The aft deck, including the swim step and diver stations, was a little smoky when underway; the crew told us that the engines were in otherwise good shape, but were more than 20 years old: they had been dropped in place when the boat was being built, without access hatches of sufficient size to actually get in to replace them. Parts have to be manhandled down a ladder and installed in place. To replace an engine would require cutting a hole in the boat, something I think they’re trying to avoid for obvious reasons.

When we started out, my dive buddy was diving air and I was on NITROX, so I used her tank to calibrate the analyzer. By midweek everyone was diving NITROX, but they didn’t have an “air” bottle to use for calibration. They said it wasn’t necessary, to just calibrate to ambient air. I wasn’t really happy about that answer but wasn’t willing to force the issue.

The "Mantaville" night dive off the Sheraton Hotel was as wonderful as we'd heard, and is not to be missed. Even better in our opinion, is the "Pelagic Magic" dive. However, unless you have an underwater camera that is actually set up for that sort of thing (strobes on arms, etc.), don't bother trying to take pictures: instead, just hang onto the lines and ENJOY. It really is something special.

Like all of the Aggressor/Dancer Fleet boats we’ve been on, the crew was awesome: friendly, knowledgeable and professional. In one case they went above-and-beyond to recover a diver’s camera that had gotten loose during a dive, searching from the sun deck and launching the skiff when they spotted it. Eagle eyes! We will definitely be going back.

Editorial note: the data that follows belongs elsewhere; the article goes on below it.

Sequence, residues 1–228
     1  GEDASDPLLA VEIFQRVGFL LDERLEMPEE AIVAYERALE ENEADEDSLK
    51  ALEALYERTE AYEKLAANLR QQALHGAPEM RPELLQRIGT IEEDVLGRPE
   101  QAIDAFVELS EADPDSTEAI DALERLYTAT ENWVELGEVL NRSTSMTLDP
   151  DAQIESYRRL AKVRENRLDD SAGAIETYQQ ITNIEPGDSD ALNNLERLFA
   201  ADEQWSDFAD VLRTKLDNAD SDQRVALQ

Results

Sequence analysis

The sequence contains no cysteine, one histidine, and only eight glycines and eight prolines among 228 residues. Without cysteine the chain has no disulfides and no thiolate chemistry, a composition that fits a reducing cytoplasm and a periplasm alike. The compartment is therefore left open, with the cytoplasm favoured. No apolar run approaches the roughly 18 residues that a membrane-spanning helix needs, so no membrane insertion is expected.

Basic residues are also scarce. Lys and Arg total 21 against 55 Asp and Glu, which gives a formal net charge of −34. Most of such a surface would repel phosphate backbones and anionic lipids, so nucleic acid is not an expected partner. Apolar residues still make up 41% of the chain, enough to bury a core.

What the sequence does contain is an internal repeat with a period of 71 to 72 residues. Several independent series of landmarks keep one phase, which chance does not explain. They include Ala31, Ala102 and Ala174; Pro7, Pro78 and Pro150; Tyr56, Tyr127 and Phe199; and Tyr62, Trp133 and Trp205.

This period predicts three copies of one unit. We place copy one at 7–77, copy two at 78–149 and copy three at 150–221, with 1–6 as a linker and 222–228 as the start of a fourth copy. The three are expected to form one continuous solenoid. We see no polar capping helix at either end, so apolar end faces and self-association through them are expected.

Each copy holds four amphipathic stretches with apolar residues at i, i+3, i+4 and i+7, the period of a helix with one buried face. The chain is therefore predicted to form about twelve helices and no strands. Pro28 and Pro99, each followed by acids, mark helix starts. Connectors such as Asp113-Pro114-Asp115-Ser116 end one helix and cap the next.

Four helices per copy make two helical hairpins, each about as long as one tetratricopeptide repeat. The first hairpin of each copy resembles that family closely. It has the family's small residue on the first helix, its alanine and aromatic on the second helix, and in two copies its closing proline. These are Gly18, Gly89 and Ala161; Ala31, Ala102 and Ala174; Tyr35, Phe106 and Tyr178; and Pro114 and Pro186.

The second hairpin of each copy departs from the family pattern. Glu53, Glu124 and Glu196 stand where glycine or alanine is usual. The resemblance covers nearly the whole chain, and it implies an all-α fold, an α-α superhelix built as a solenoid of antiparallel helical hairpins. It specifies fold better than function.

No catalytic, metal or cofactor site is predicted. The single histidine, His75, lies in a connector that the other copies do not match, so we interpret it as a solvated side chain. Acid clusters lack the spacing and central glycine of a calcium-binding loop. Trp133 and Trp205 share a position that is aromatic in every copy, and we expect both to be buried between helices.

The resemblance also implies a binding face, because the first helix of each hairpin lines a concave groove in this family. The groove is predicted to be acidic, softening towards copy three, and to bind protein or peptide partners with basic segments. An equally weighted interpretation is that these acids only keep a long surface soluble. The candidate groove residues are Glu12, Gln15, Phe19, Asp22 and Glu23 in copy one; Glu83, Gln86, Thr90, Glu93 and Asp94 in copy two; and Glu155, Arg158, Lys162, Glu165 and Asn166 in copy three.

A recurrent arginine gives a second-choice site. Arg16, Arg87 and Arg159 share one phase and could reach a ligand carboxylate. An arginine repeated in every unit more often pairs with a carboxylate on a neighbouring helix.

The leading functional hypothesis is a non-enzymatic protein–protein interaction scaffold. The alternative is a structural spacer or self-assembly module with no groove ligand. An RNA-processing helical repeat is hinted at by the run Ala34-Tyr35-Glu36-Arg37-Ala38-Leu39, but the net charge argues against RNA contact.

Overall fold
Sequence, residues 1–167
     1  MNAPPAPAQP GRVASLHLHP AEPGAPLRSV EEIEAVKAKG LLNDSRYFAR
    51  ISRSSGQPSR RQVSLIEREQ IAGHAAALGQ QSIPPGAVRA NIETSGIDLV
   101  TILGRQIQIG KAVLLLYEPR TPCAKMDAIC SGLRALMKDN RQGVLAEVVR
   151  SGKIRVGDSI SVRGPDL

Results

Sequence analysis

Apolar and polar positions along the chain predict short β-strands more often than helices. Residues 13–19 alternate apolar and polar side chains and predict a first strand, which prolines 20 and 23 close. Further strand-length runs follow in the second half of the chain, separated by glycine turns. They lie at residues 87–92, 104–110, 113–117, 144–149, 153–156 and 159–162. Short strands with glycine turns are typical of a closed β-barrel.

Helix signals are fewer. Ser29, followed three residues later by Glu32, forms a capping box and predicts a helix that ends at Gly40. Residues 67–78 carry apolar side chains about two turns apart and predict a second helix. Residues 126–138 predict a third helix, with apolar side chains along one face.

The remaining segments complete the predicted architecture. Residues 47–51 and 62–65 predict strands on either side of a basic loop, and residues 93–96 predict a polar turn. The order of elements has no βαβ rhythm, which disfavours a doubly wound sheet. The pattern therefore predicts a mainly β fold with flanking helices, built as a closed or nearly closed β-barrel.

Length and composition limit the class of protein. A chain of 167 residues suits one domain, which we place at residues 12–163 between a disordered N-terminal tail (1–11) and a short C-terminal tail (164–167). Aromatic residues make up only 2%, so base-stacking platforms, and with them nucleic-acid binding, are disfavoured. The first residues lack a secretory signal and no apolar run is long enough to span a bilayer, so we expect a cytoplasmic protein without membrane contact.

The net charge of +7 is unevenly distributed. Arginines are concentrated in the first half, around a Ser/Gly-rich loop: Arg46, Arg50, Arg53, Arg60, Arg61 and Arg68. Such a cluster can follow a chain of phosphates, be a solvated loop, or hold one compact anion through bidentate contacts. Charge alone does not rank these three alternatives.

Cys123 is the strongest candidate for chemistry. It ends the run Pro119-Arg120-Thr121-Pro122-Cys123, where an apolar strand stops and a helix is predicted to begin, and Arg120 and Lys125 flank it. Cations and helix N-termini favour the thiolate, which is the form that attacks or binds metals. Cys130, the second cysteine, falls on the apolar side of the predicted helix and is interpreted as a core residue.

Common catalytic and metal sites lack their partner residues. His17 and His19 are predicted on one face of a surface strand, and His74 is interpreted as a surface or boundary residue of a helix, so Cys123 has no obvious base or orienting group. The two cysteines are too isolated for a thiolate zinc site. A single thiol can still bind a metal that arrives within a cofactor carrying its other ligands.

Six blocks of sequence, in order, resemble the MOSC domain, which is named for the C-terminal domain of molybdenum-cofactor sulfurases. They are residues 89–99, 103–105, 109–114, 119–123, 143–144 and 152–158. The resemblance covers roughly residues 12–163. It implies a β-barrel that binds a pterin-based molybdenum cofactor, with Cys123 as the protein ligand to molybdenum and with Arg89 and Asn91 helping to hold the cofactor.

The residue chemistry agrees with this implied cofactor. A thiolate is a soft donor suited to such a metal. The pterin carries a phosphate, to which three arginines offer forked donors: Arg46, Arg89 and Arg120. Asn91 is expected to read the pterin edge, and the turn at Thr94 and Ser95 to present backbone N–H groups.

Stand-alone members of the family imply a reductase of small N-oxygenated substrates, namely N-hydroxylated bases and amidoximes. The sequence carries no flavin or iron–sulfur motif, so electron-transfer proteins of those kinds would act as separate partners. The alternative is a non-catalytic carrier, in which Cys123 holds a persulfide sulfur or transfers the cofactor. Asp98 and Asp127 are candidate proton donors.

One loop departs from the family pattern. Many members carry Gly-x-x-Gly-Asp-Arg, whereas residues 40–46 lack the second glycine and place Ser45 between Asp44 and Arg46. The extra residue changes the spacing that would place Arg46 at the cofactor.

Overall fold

Websites Kona Aggressor II   

Reporter and Travel

Dive Experience 251-500 dives
Where else diving New York, Hawaii, California, Kwajalein, Florida, Grenada, Bonaire, Caymans, Bahamas, Turks & Caicos, Belize, Mexico, Australia
Closest Airport Getting There

Dive Conditions

Weather sunny Seas calm, choppy
Water Temp 73-78°F / 23-26°C Wetsuit Thickness 5
Water Visibility 40-100 Ft/ 12-30 M

Dive Policy

Dive own profile yes
Enforced diving restrictions [Unspecified]
Liveaboard? yes Nitrox Available? yes

What I Saw

Sharks 1 or 2 Mantas 1 or 2
Dolphins Schools Whale Sharks None
Turtles 1 or 2 Whales None
Corals 4 stars Tropical Fish 4 stars
Small Critters 4 stars Large Fish 3 stars
Large Pelagics N/A

Underwater Photography 1 (worst) - 5 (best):

Subject Matter 3 stars Boat Facilities 3 stars
Overall rating for UWP's 3 stars Shore Facilities N/A
UW Photo Comments Decent camera table, but it's only accessible from the forward side. Since this is also where the NITROX log is, it becomes a congestion point. They have dedicated towels for cameras, and there is an air hose. Everybody was very considerate of other divers' gear, so no problems.
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Note: The information here was reported by the author above, but has NOT been reviewed nor edited by Undercurrent prior to posting on our website. Please report any major problems by writing to us and referencing the report number above.